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SHIVA BABY (2020) review

March 31, 2021


written by: Emma Seligman
produced by: Kieran Altmann, Katie Schiller & Lizzie Shapiro
directed by: Emma Seligman
rated: not rated
runtime: 77 min.
U.S. release date: March 15, 2020 (SXSW) & April 2, 2021 (Music Box Theatre, Chicago, IL)


The things you overhear or witness at a funeral service when you try to be a wallflower can often wind up being just as baffling and unexpected as the conversations you inevitably have with other attendees, especially the ones you’d rather not run into anywhere. The surface talk about anyone other than the deceased is understandable as are the obligatory condolences, but those banal questions about whether or not you’re seeing anyone (that is, if you’re single) or what you’re doing for work, can feel as if your own life is slowly draining. These reminders and observations came to mind while watching writer/director Emma Seligman’s relatable and tender comedy “Shiva Baby”, which portrays the claustrophobic awkwardness of attending a social gathering commemorating the recently deceased.

When we first meet Danielle (Rachel Sennott) she is finishing up a quickie with her sugar daddy, Max (Danny Deferarri), so she can collect her earnings and make it to a shiva. The directionless liberal arts college student meets her neurotic Jewish parents, Joel (Fred Melamed) and Debbie (Polly Draper), who arrive outside her aunt Sheila’s suburban New York home in an embarrassing green van. Danielle has to navigate her way through an assortment of estranged relatives and friends, all of whom seem to be working off the same script by commenting on how much weight she’s lost and asking what her post-graduation plans are.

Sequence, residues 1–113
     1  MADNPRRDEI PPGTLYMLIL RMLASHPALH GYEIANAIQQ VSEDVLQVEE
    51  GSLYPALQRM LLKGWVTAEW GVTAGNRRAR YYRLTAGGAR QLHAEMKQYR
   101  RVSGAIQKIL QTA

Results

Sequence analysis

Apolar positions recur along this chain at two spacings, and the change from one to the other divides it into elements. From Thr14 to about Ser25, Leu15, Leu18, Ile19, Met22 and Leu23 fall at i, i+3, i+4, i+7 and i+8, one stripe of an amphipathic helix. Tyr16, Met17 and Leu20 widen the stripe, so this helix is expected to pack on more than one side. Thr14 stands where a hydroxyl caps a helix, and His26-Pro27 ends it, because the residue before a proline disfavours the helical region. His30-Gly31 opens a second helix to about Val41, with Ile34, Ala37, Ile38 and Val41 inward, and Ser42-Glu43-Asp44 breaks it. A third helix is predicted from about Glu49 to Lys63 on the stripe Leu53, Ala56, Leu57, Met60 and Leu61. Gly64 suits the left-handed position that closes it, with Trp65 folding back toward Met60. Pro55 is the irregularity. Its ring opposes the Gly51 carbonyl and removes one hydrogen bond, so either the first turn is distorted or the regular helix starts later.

Danielle’s hopes of getting this over with as soon as possible are squashed when she sees her ex-girlfriend, Maya (Molly Gordon) arrive with her mother at the same time. Maya interacts with the same people, yet they’re noticeably congratulating her for getting into law school. Things get worse when she sees Max is there as well and is eventually joined by two people Danielle didn’t even know existed, his entrepreneur wife (Dianna Agron) and their crying eighteen-month-old baby, Rose. Danielle is desperate to leave the shiva at every turn, with her anxieties and insecurities flaring up as she’s forced to contend with who she is.

We can all draw from our own experiences at social gatherings involving family members, friends and frenemies, whether they are graduation celebrations, wedding receptions, or funeral repasts. Quite often during “Shiva Baby” what transpires is a reminder that anything can (and often does) happen in close quarters, especially with nosy and paranoid onlookers. Bumping and spilling of drinks is commonplace and handling crying babies adds to the often uncomfortable climate, leaving characters (and viewers) itching to open the door and breathe outdoor air.